use with various receivers and antennas, I elected to make then front panel controls rather than internal adjustments,
because I have had issues with front end protection in the past.
There are some very orthodox, time-honored, rudimentary ways to deal with the DC static electrical charge that
builds up on antennas, and the RF electrical, near-field, transients that become induced into the antenna system
(especially from nearby lightning strikes). Although this would apply to any antenna, especially those which are
outside a building, for end fed antennas in particular, this application is more that an option - it's an absolute
necessity - for listening convenience, equipment protection, and of course, personal safety. However, these features
are usually built into a receiver, are of fixed value, and pretty much transparent to the user.
Most of today's solid state radios have
some form of antenna input protection for
static transients and buildup. But not all.
Many portable receivers have had their
RF input transistor(s) fried from the simple
act of someone touching the portable
whip antenna. This seems to be more
common during the dry winter months
when humans tend to easily generate
static charges.
A basic "bleed" system in the
time-honored tradition (long before
transistors) was to shunt the antenna
terminals with a 500K or 1 meg resistor.
Here, we are just utilizing the basic
functions to their minimum and maximum
functional applications. A quick study or
the circuits will reveal their utility.
I have conducted many, many experiments and recorded my
observations over the past few decades with end fed, high-impedance
antennas (as well as other antenna types) and fully appreciate the
protection afforded by a few components, which cost a couple of
dollars, as compared to the inconvenient, if not expensive and
frustrating damage repair to a receiver's front end.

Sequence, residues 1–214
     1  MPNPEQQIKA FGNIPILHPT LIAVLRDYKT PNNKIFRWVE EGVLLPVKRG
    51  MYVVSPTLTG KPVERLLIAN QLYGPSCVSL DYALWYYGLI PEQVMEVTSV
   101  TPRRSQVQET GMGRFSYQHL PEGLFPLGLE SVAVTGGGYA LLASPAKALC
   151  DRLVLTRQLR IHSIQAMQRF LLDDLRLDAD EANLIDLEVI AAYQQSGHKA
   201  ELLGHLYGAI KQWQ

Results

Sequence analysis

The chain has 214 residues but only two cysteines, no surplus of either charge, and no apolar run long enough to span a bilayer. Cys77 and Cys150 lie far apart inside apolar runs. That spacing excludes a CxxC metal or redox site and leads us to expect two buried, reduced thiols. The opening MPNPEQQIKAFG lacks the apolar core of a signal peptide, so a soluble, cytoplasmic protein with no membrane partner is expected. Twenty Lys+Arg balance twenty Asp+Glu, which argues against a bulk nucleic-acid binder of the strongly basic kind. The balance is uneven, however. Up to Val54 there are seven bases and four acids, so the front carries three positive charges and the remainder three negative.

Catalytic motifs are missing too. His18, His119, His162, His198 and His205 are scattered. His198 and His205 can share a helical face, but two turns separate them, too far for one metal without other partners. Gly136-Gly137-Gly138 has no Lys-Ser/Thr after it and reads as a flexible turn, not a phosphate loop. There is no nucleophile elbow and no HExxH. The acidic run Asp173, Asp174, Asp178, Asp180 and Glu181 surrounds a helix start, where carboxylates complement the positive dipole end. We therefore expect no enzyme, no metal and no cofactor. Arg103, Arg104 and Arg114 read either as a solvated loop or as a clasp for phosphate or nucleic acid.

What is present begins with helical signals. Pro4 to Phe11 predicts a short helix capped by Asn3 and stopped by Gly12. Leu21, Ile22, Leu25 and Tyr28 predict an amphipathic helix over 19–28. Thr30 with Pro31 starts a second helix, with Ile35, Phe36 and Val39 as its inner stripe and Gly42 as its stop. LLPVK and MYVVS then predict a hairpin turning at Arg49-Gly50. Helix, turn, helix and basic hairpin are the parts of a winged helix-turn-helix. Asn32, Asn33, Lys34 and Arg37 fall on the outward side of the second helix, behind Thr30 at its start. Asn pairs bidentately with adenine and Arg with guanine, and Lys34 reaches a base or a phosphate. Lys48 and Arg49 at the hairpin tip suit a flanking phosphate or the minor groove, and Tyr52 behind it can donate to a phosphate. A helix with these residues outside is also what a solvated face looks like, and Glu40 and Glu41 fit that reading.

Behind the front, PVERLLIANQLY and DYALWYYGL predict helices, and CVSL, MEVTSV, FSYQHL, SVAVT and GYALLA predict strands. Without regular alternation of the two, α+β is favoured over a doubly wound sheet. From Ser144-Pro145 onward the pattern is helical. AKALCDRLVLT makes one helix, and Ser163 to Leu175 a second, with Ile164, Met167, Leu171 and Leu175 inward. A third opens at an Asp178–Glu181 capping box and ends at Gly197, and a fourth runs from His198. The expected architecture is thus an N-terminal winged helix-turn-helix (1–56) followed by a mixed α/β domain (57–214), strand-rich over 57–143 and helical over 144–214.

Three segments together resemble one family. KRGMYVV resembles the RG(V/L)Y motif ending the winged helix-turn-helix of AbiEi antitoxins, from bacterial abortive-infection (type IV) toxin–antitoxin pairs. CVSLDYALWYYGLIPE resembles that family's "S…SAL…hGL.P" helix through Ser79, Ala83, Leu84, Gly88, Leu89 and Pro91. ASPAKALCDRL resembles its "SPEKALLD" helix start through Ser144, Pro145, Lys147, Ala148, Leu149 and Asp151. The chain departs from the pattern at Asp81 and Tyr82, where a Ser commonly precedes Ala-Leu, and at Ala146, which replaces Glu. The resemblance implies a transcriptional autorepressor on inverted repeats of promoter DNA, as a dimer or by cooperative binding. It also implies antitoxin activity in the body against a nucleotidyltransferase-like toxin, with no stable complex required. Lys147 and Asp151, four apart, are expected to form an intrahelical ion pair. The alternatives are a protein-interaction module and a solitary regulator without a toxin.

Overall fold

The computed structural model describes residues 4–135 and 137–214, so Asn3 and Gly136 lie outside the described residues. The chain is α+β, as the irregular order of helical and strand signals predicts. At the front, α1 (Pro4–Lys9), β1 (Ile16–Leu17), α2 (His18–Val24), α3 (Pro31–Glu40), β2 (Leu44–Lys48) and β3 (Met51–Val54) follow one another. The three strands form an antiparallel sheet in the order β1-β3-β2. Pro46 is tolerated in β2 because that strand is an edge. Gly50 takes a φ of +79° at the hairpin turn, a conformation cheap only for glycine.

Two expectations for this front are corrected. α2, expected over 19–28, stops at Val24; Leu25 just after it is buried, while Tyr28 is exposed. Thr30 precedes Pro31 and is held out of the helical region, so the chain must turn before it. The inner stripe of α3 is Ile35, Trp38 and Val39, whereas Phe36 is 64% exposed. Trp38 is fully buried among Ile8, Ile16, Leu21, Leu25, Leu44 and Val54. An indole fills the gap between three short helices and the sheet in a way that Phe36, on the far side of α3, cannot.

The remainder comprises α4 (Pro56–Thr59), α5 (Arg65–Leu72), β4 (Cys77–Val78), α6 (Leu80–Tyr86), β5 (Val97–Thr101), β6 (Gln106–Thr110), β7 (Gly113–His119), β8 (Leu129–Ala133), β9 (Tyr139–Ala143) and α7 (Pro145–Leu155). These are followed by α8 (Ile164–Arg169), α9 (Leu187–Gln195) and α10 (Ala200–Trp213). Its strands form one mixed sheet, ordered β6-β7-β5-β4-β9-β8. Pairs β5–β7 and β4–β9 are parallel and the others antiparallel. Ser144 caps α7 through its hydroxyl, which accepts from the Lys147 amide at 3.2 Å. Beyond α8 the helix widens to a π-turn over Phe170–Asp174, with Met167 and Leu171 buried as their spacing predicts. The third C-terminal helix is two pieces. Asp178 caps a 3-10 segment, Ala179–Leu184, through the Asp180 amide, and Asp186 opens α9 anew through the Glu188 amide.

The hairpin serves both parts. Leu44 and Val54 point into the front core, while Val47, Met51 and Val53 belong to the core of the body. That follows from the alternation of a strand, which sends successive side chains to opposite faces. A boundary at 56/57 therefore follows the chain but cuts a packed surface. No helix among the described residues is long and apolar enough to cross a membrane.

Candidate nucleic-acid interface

Even with my latest end fed (quasi-Marconi) antenna, which I use
almost exclusively for SWLing (and some 160 transmitting), there are
significant "bursts' of unwanted junk getting through to the shack. The
antenna is matched (and protected) with a very heavy duty 9:1 balun
(wired as an unun). This configuration provides a nice low impedance
path to ground  for static buildup on the wire. However, nearby bursts,
which are rich in RF component and harmonics do pass through the
balun, as RF energy, and on down the line to the radio. At one point,
before the balun was in place, I measured the number of times an NE2
neon tube flashed during a gentle, dry, quiet, winter snowfall. I coupled
the NE2 to a photocell, which triggered a transistor switch attached to
a digital counter. The counter registered 387 counts over the course
of 4-5 hours. It should be noted that the NE2 would flash over at about
85 volts. One night, just prior to a summer thunder storm, we
disconnected the long wire antenna down at the club. It is a 265
foot-long beauty. The PL-259 was removed from the switch box and
brought over to our ground bus which has a series of SO-239s all tied
to the shack's common, bonded ground system. As the connector
approached the ground panel there was a brilliant flash of blue/white
light which arced more than 1 inch - there was also a very loud, sharp
snap ... somewhere in the 130 dB SPL area!!! The club members
present that evening are now all believers in the power and
speed-of-buildup of static electricity on and antenna ... especially a hi
Z end fed!
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Above and below: Two possible panel layouts.
Left and Right closeups.
I'm still experimenting with the
Depth control. I may find that
using a cap-coupled adjustment
(to ground) will be more
effective than one that controls
RF and DC bias. I'll modify this
schematic as testing develops.

Also, I decided that a single
diode junction on each half is
sufficient and have abandoned
the 3-junction version that was
in the ANL project shown here
previously - it's just way too
much over kill.
Updated Oct 19, '08
NOTE:
The Dynamic Noise Blanker circuit shown on this page is strictly a starting place for
further prototype development. At this point, time constraints have limited our
ability to develop the circuit to its most efficient and effective form. One example is
the need for faster diodes, such as BAT-42 and a few other BAT-type junction
switches. Also of concern is junction leakage due to device capacitance. Chokes
must be at least 200 in Q-factor (Xl / R). Feel free to copy the original design and
experiment with it.